To these six reasons, I can now add a seventh that confirms my reading:  a July 19, 1940 letter of the Virginia Attorney General, which stated that “[t]here is no statute prohibiting the carrying of revolvers that do not come within he prohibition against concealed weapons.”  Opinions of the Attorney General and Report to the Governor of Virginia, From July 1, 1940 to June 30, 1941, at 52.  The opinion then cites the surety provision and notes that a person going armed “may be required to give a recognizance.”

Against all this evidence, Cornell comes back to Judge Thacher’s comments over and over.  Cornell’s blog post on June 1, 2022, is mostly an attempt to bolster Judge Thacher’s authority.  Now, in his December 19 blog post, Cornell criticizes me for being “reduced to making the absurd argument that Thacher’s gloss on his state’s own law does not count because it was uttered in a grand jury charge, not a trial.”  He continues, “anyone with even a smattering of knowledge about antebellum American legal culture would understand that grand jury charges were exceedingly important civic and legal occasions. These events offered learned judges, the ‘sages of the law,’ an opportunity to expound the meaning of statutes and other important legal texts.”

Cornell’s argument is more ad hominem than responsive.  The fact that Thacher’s address was a welcome address, not a legal instruction, is important.  Because this was only a welcome address, Thacher may not have been talking with the utmost legal precision when he declared that Massachusetts law generally prohibited people from going armed.  But even if he was, his understanding of the law was not subject to appellate review.  More importantly, however, my argument cannot be “reduced” to an attack on Thacher’s authority.  Cornell is correct that I attack Thacher’s position.  But I do so after examining a wide variety of other sources, which undermine Thacher’s understanding of the statute.  Cornell has never responded to this other evidence.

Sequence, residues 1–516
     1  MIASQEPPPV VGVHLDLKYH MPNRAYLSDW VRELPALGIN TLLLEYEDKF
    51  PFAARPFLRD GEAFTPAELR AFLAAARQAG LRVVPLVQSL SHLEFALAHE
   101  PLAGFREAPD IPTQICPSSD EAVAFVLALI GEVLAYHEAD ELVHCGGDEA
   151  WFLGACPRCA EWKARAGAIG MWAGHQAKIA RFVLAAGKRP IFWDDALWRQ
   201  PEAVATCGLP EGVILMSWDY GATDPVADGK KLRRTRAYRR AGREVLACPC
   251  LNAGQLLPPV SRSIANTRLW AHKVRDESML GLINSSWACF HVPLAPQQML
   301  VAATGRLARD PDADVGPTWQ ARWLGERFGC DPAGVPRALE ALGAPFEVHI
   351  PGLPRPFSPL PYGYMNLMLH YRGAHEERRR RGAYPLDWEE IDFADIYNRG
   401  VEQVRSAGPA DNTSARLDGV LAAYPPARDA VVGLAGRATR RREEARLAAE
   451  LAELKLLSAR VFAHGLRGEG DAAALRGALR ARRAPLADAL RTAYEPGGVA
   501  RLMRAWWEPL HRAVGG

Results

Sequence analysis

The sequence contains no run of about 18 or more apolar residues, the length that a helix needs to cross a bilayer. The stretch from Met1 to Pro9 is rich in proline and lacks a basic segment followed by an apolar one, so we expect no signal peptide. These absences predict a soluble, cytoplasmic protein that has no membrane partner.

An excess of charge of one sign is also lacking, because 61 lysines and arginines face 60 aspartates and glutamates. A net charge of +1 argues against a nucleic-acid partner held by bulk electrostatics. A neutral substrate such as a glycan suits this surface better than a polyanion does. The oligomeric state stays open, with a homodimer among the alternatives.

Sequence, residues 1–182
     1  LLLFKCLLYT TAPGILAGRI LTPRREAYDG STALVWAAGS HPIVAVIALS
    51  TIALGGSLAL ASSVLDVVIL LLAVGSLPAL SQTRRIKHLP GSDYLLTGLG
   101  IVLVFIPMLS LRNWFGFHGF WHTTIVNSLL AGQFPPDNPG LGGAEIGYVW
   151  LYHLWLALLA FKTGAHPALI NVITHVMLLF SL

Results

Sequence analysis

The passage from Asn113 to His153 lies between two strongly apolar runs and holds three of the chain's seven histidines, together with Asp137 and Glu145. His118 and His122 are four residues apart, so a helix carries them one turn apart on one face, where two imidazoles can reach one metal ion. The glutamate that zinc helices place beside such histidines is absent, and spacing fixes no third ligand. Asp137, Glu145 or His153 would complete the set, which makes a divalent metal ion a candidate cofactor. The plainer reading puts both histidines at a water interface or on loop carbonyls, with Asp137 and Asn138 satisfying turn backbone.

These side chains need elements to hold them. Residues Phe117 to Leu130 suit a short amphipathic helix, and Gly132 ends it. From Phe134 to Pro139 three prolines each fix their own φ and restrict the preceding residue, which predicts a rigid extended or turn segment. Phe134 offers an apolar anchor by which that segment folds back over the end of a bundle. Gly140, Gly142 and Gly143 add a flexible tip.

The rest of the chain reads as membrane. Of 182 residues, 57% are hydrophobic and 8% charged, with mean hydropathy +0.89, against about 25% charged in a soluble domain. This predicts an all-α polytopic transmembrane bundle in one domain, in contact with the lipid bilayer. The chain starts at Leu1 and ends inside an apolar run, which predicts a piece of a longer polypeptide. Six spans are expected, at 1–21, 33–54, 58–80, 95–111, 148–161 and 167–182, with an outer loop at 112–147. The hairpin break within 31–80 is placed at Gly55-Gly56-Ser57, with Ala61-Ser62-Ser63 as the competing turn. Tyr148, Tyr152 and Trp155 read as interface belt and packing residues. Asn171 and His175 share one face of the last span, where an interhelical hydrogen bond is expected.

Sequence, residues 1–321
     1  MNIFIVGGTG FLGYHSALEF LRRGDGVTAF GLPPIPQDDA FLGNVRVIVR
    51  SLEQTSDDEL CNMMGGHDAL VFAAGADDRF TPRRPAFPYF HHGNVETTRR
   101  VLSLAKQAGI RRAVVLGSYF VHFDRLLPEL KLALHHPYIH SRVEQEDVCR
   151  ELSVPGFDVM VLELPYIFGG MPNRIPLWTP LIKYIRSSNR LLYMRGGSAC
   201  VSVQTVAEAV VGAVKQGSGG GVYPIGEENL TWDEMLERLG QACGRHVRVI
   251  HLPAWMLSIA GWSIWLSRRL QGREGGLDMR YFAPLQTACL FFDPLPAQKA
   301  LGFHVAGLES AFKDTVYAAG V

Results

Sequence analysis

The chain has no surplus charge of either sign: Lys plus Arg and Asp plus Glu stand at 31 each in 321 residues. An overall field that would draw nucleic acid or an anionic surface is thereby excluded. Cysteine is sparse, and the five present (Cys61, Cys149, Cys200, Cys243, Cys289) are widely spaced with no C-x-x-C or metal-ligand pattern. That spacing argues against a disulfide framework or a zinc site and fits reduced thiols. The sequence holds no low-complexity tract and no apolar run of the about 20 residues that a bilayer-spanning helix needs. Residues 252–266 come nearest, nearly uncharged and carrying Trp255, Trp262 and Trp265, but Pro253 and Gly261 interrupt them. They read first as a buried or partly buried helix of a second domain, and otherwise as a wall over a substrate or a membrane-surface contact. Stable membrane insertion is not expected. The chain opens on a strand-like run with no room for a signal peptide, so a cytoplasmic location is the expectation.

Nor has Cornell done the kind of archival research necessary to support his claims.  Justice of the peace records are difficult to find; but many are extant in the surety jurisdictions.  Cornell has criticized my efforts to comb newspaper records to find reports of surety cases.  But my searches have found more surety cases than he has unearthed.  If Cornell does not like my approach, he is free to do his own archival research.  I would welcome the opportunity to see the cases Cornell is able to uncover, and how many of them involve people carrying weapons for lawful self-defense.

Cornell also claims that the Statute of Northampton was a broad ban on public carry and, in support, he cites Michael Dalton’s Country Justice manual for justices of the peace.  Like the surety laws, the Statute of Northampton was a law that was technically extant, but, by the eighteenth century, the law was (to the best of our knowledge) hardly ever enforced.  As a result, the case law involving the crime was seriously underdeveloped.  We have many (often conflicting) opinions of various treatise writers on their understanding of the crime.  But we have no cases to sort out whose understanding was correct. 

Given this, it is hard to say with any certainty what constituted the elements of the offense.  Cornell is right that “criminal intent and mens rea were governed by different rules in the Founding era.”  And he is likely right that the crime did not require specific intent to terrorize.  But there is substantial authority to support that, by the eighteenth century, the crime required going armed in a manner likely to provoke a breach of the peace.  In this country, the single state supreme court (North Carolina) to analyze the crime in any depth held that the crime prohibited going armed “to terrify and alarm, and in such manner as naturally will terrify and alarm a peaceful people.”

Finally, I think it is important to step back from the trees and look at the forest.  The question in all this is whether the right to bear arms guarantees to individuals the general right to carry arms publicly.  Substantial precedent in this country holds that such a right exists; and while states may regulate the right using their police powers, they may not abuse those powers to render the right a nullity.  Cornell’s chief intervention in this debate is based on the supposed regulatory traditions of long-disused statutes.  These statutes are relevant, but they are not the only thing we have to look at.

For instance, there are statutes on the books in multiple states that criminalize consensual sexual conduct, notwithstanding Griswold and Lawrence.  A future historian examining how early twenty-first century American law regulated consensual sexual relations would get a distorted view of our law if he focused only on those statutes.  Likewise, we should analyze the scope of the right to bear arms by examining all of the legal evidence from the relevant time.  We should not define the right primarily by looking to a bunch of rarely enforced statutes whose claim to fame is that they were dug up by a twenty-first century historian.